stantially liquid state or to effect liquefaction of
tion of an ole?n, or preferably of an ole?n-iso
. para?in mixture, under the surface of the liquid‘
a portion of the reaction mixture.
The spacing agents or diluents which are em
ployed in the present invention are inorganic ?u_
oridesv and oxy?uorides which are soluble to a
substantial extent in liquid hydrogen ?uoride and
which boil below about 300° C. The preferred
compounds are the low boiling ?uorides and oxy
?uorides of sulfur, selenium, nitrogen, phospho
rus, molybdenum, titanium, tungsten, vanadium,
and silicon. Of' the last named compounds the
?uorides and oxy?uorides of silicon are most
catalyst which. is stirred‘ mechanically to e?ect
intimate» contact between the catalyst and the
reacting hydrocarbons and to delay the settling
out and separation of the catalyst which is heavier
than‘ the liquid hydrocarbon mixture. Alkyla
tion may be allowed to progress to different stages
of reaction. In the case of the alkylation of iso
butane by propene or butenes, good products from
the standpoint of high antiknock gasoline are
produced usually by maintaining at all times in
readily obtained, particularly silicon tetra?uoride.
the reaction zone‘ a molar'excess of isopara?in
to ole?n. The presence of such an excess‘ of iso
Most‘ of these ?uorides and oxy?uorides are nor
mally gaseous compounds but are soluble to a
para?ins, generally at least 2 molecular propor
tionsv of isopara?in per molecular proportion of
useful extent in hydrogen ?uoride. A few of the
compounds are liquids or solids at ordinary tem
ole?n, tends'to minimize undesirable polymer
ization reactions. The mixture of‘ alkylation
2,406,954
‘5
,6
‘
products-and catalyst composite is removed pe
uctI-isreturned to further contactwith normal
riodicallyfrom the batch'type process and sep
butenes anda-mixture of fresh and used cat
alyst to produce a further quantity of alkylation
arated into a hydrocarbon‘layer‘ and a catalyst '
layer, the latter being returned to the reaction
zone “for further use while the hydrocarbon layer
is fractionallydistilled to separate therefrom the
gasoline fraction and‘the excess of the isoparaf»
‘ ?n originally charged to the process. rll‘he excess
product.
.
.
From 3000 c. c.‘ (approximately 1700 grams)
of the isobutane-normal butene mixture treated
there is obtained approximately 850 grams of
water-white, normally liquid, saturated hy'dro
carbons containing less than 0.001% by weight
isopara?in may be’ reacted further with an‘ ole?n
in a subsequent alkylation treatment in the 10 oforganically combined ?uorine and having an
end-boiling point of 450° F. The resulting nor
alkylation zone of the process.
mally liquid hydrocarbons are equivalent to ap
It is usually preferable to carry out the alkyla
proximately 200% by weight of the‘ butenes
tion reaction on a continuous basis by withdraw
charged to the process. 90% of the liquid hy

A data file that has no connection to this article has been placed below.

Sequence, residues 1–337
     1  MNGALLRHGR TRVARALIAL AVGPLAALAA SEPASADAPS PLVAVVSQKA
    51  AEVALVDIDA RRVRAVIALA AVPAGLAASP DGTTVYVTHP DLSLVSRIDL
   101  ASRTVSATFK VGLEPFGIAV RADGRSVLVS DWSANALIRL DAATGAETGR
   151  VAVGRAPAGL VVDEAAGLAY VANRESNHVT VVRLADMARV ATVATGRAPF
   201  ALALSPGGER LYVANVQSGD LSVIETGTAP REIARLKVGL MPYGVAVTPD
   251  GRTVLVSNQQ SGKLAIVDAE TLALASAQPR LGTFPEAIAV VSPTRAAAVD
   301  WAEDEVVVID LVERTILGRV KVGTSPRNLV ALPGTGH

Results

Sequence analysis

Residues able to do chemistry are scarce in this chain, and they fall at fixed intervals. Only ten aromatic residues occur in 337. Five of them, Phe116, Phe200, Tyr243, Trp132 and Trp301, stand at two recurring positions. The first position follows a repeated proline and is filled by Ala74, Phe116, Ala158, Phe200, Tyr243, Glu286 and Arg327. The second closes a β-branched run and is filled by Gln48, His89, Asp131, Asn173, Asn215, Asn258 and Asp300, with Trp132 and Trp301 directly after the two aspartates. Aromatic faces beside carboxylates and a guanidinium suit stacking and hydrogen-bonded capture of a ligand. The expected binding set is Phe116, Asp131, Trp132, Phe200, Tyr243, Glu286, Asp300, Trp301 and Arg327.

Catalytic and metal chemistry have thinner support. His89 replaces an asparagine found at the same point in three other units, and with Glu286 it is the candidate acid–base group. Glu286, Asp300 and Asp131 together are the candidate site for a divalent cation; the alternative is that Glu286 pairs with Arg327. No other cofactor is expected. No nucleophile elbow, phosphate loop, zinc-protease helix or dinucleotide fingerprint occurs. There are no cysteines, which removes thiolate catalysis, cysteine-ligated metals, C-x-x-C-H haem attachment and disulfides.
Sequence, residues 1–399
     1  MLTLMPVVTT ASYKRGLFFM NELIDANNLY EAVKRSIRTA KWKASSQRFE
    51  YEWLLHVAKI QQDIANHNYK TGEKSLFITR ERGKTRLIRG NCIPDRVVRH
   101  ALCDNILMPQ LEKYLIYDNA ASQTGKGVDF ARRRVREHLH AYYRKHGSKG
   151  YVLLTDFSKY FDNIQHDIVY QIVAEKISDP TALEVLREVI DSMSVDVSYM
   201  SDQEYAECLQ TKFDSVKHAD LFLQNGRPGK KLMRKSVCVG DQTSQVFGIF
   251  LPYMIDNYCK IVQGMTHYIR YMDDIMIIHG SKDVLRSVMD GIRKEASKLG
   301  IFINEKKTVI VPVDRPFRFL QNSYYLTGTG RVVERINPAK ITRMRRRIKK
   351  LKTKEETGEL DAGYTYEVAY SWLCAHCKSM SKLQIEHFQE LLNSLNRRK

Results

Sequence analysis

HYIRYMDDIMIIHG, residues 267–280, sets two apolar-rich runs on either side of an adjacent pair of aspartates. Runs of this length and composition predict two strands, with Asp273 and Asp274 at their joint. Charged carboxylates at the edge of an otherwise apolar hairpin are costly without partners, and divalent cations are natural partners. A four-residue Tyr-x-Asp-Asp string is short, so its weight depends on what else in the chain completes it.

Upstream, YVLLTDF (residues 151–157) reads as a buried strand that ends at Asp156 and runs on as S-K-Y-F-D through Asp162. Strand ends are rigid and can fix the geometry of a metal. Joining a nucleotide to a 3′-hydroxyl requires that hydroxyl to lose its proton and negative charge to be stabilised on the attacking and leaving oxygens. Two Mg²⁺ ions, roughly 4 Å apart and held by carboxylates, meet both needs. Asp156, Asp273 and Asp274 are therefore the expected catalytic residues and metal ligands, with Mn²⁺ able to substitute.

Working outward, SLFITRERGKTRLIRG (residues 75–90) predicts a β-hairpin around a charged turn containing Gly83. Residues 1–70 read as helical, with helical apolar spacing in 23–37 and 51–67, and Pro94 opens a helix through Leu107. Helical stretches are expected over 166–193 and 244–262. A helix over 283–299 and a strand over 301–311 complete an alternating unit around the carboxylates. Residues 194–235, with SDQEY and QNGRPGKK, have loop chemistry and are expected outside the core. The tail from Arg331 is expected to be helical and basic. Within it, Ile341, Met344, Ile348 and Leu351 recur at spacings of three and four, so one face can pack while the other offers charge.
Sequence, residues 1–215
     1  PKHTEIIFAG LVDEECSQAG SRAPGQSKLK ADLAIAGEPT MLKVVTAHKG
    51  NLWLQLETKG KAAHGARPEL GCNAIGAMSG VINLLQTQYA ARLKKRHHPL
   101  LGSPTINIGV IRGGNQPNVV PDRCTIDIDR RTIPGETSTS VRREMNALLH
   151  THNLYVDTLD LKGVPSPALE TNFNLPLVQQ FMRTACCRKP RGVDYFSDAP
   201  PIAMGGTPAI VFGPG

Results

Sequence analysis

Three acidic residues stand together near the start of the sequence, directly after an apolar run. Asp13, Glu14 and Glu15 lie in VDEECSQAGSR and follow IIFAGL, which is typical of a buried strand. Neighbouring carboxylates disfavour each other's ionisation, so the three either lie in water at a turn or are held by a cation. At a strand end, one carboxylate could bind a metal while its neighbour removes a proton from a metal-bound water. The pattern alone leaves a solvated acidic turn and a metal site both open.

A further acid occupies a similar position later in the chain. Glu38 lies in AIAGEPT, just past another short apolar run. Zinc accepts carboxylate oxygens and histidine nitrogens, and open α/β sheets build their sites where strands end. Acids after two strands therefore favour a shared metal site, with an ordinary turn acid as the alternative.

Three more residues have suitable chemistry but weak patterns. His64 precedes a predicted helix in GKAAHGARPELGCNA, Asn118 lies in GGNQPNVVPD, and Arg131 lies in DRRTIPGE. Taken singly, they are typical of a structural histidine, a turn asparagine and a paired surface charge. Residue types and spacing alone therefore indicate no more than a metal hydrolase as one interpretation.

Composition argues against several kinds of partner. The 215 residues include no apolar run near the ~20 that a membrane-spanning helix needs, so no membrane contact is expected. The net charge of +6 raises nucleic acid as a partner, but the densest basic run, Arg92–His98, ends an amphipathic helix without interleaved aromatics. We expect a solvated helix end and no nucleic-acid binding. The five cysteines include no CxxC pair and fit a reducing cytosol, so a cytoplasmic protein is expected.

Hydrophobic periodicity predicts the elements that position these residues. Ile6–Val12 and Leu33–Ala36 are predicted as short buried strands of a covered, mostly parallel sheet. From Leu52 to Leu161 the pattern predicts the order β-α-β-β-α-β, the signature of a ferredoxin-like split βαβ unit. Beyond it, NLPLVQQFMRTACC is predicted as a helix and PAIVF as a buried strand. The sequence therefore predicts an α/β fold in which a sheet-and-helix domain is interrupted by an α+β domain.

ing from the alkylation reactor a mixture ‘of
excess unreacted isoparai?ns and admixed nor 15 drocarbon products boil below 300° F. and are
thus in the boiling range of aviation gasoline.
mal para?ins, an alkylate of gasoline boiling
The aviation gasoline ‘fraction has an A. S. T. M.
range, higher boiling hydrocarbons, and catalyst
octane number of 93.
composite, said mixture being withdrawn at sub
stantially the same rate as that at which the
fresh hydrocarbon charging stock and catalyst 20
are supplied to the alkylation reactor. In order
to keep low the competing ole?n polymerization
reaction, the molar ratio of isoparaf?ns to ole
I claim as my invention:
1. An alkylation process which comprises re
acting an isopara?in with an ole?n in the pres
ence of a liquid hydrogen fluoride catalyst hav
ing dissolved therein a minor proportion of an
inorganic compound soluble in liquid ‘hydrogen
?ns in the alkylating zone is kept relatively high
throughout the entire reaction. The ratio of 25 ?uoride and boiling below about 300° C., said in
organic compound being selected from the group
isoparaf?n to ole?n is subject to some variation
consisting of the ?uorides and oxy?uorides of
and is a?ected considerably by the method of
sulfur, selenium, nitrogen, phosphorus, molyb
introducing the ole?n-containing fraction and by
denum, titanium, tungsten, vanadium, and sili
the efficiency of mixing. As the process is usually
_
operated, su?icient pressure is maintained upon 30 con.
2. An alkylation process which comprises re
the reaction mixture to keep a substantial pro
acting an isoparaf?n with an ole?n in the pres
portion thereof in liquid state. The exact pres
ence of a liquid hydrogen ?uoride catalyst hav
sure necessary depends both upon the composi
ing dissolved therein a minor proportion of sili
tion of the reaction mixture and the tempera
ture employed. The alkylation reactor used in 35 con tetra?uoride.
3. A process for the synthesis of saturated
the process consists quite often of a coil or tower
gasoline boiling range hydrocarbons which com
provided with ba?les, ori?ce plates, or other mix